From April 14th to October 30th, 511 patients were admitted to the quarantine room. Average quarantine time was 35.8 hours, with the longest 92 hours and the shortest 14 hours. 46.5% of the released patients were transferred to the infection ward, followed by 18.4% of the patients transferred to the chest ward. 10.5% of the patients were released from quarantine and discharged simultaneously.

13 COVID-19 patients were diagnosed in MacKay Memorial Hospital emergency department and hospitalized. There was no in-hospital transmission of COVID-19 as of the end of November 2020.


Preparing for mass casualty incident

Although Taiwan was one of the most successful countries to close down COVID-19, the potential mass casualty incident cannot be ignored. The uncertainty of developing an effective COVID-19 vaccine also warns us of the possibility of another episode of a pandemic attack. Since quarantine wards were originally triple rooms, a possible triple room in double use with spacing more than 1-meter distance can be established. Our strategy was to make the best use of quarantine ward space at the beginning of the mass casualty incident. A report from Daegu Dongsan Hospital of Keimyung University also approved this strategy (16). By distributing 666 confirmed COVID-19 patients into two types of rooms, a double room in single use or double room, patients were observed for 14 days. RT-PCR negative conversion rate, symptoms improvement rate, and time to de-effervescence revealed no statistical difference (16). However, a further plan for massive patients should be established.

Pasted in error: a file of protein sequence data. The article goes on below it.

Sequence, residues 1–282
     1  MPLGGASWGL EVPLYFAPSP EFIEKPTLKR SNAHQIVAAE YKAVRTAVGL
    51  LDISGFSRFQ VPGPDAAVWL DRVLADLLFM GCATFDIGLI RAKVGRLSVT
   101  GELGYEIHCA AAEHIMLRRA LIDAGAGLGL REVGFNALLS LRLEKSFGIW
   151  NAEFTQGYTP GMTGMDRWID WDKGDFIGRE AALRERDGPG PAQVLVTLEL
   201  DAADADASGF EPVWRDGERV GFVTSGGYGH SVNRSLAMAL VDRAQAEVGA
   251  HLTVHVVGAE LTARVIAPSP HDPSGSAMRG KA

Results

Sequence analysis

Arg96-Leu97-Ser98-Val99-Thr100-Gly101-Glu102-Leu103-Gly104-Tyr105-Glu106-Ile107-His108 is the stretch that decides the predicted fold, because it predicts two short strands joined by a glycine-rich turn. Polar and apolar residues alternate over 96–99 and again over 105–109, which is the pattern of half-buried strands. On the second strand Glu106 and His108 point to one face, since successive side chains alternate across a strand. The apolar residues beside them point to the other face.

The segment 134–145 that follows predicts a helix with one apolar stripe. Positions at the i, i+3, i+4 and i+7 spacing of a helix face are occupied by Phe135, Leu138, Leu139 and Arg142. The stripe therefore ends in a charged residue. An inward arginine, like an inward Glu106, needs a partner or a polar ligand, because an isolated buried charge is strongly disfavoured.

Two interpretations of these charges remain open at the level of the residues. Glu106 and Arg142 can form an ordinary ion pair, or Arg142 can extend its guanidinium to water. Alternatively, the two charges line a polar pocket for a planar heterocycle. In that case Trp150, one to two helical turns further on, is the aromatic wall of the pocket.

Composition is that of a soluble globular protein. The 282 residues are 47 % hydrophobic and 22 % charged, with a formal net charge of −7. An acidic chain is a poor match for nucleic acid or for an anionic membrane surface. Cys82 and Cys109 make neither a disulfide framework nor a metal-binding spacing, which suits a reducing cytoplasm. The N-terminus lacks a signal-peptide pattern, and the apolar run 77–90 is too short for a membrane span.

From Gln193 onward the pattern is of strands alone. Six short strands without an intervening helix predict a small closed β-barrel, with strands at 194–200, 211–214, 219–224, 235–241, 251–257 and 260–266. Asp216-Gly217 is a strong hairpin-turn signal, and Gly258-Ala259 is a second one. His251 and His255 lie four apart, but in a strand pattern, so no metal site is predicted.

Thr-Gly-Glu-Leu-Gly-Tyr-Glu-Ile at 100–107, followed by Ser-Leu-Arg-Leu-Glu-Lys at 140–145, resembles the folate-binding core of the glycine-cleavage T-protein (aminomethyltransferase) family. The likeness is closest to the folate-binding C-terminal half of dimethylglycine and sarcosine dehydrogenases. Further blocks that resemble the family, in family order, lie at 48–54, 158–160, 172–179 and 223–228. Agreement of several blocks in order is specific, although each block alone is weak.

Conclusion

In the devastating COVID-19 era, establishing of quarantine ward was necessary. Crowding of the emergency room was a risk factor of the possible in-hospital spread of COVID-19. Quarantine of possible COVID-19 patients, while RT-PCR test was in the process, was a good act. Strict enforcement of quarantine policy was an essential factor to avoid the in-hospital spread of COVID-19.


Acknowledgments

Funding: None.


Footnote

Conflicts of Interest: All authors have completed the ICMJE uniform disclosure form (available at http://dx.doi.org/10.21037/ht-20-35). WHC serves as an unpaid Editor-in-Chief of Health Technology. The authors have no other conflicts of interest to declare.

Ethical Statement: The authors are accountable for all aspects of the work in ensuring that questions related to the accuracy or integrity of any part of the work are appropriately investigated and resolved.

Open Access Statement: This is an Open Access article distributed in accordance with the Creative Commons Attribution-NonCommercial-NoDerivs 4.0 International License (CC BY-NC-ND 4.0), which permits the non-commercial replication and distribution of the article with the strict proviso that no changes or edits are made and the original work is properly cited (including links to both the formal publication through the relevant DOI and the license). See: https://creativecommons.org/licenses/by-nc-nd/4.0/.


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doi: 10.21037/ht-20-35
Cite this article as: Chen TH, Chi WY, Yang SY, Liao CH, Tsai YL, Chang WH, Tsai W. The role of quarantine ward in the COVID-era: a Taiwan medical center experience. Health Technol 2021;5:9.